Bees are ‘fish’ under Calif. Endangered Species Act – state court
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(Reuters) - Bumblebees are eligible for protection as endangered or threatened “fish” under California law, a state appeals court held in a win for environmental groups and the state’s Fish and Game Commission.
The Sacramento-based California Court of Appeal reversed a lower court’s ruling Tuesday for seven agricultural groups who argued that the California Endangered Species Act (CESA) expressly protects only “birds, mammals, fish, amphibians, reptiles, and plants” – not insects.
While “fish” is “commonly understood to refer to aquatic species, the term of art employed by the Legislature … is not so limited,” Associate Justice Ronald Robie wrote for the appeals court.
CESA itself does not define “fish,” but the law is part of the California Fish and Game Code. The code’s definition includes any “mollusk, crustacean, invertebrate (or) amphibian,” Robie wrote. All those categories “encompass terrestrial and aquatic species,” and the state legislature has already approved the listing of at least one land-based mollusk, the opinion said.
“Accordingly, a terrestrial invertebrate, like each of the four bumblebee species, may be listed as an endangered or threatened species,” Robie wrote, joined by Acting Presiding Justice Cole Blease and Associate Justice Andrea Lynn Hoch.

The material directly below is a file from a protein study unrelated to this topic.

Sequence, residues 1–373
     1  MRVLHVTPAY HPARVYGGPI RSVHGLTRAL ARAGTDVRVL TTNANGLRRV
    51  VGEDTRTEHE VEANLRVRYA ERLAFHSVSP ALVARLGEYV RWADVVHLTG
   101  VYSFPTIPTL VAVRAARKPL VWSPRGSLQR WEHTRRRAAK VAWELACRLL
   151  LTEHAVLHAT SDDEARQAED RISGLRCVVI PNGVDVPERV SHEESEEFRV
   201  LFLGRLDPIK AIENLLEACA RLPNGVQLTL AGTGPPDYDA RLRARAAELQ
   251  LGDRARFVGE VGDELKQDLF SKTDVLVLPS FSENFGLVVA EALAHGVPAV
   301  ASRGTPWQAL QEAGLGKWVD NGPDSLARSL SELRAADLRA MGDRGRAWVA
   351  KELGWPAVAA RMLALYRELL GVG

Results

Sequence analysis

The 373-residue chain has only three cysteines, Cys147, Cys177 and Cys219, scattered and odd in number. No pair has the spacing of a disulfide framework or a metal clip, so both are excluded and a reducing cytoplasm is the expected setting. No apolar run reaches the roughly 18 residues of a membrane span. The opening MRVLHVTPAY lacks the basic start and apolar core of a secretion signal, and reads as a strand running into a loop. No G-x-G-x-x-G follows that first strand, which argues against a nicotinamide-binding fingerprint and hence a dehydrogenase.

Matthew Sanders of Stanford Law School’s Environmental Law Clinic hailed the decision as “a win for the bumblebees, all imperiled invertebrates in California, and the California Endangered Species Act.” Insects are “foundational to California’s agricultural production and healthy ecosystems,” he added.
Sanders’ clients – the Xerces Society for Invertebrate Conservation, Defenders of Wildlife, and the Center for Food Safety – petitioned the Fish and Game Commission to add the Crotch's bumblebee, Franklin’s bumblebee, Suckley cuckoo bumblebee, and Western bumblebee to the state’s endangered species list in 2018.
The commission quickly designated all four as “candidate species,” providing them with interim protections while it considered whether to list them as endangered.
However, the Almond Alliance of California, the California Farm Bureau Federation, and five other agricultural groups filed suit in Sacramento County Superior Court to establish that CESA does not protect insects – a point on which the legislature, agencies, and courts have vacillated since 1980, they said.
In 2020, the Superior Court ruled that the law’s reference to “invertebrates” had to be read in context, and included only aquatic animals.
Paul Weiland of Nossaman, lead counsel for the agriculture groups, said in an email Tuesday that they were “disappointed” and reviewing the decision before deciding “whether to seek further review.”
Attorneys for the state did not immediately respond to requests for comment.
The case is Almond Alliance of California et al. v. Fish and Game Commission et al, Xerces Society For Invertebrate Conservation et al, intervenors; California Court of Appeal, Third Appellate District, No. C093542.
For Almond Alliance of California et al: Paul Weiland and Benjamin Rubin of Nossaman
For the Fish and Game Commission: California Attorney General Rob Bonta and Deputy Attorneys General Jeffrey Reusch and Adam Levitan
For Xerces Society For Invertebrate Conservation et al.: Matthew Sanders, Stephanie Safdi, and Deborah Sivas of Stanford Law School, Mills Legal Clinic’s Environmental Law Clinic
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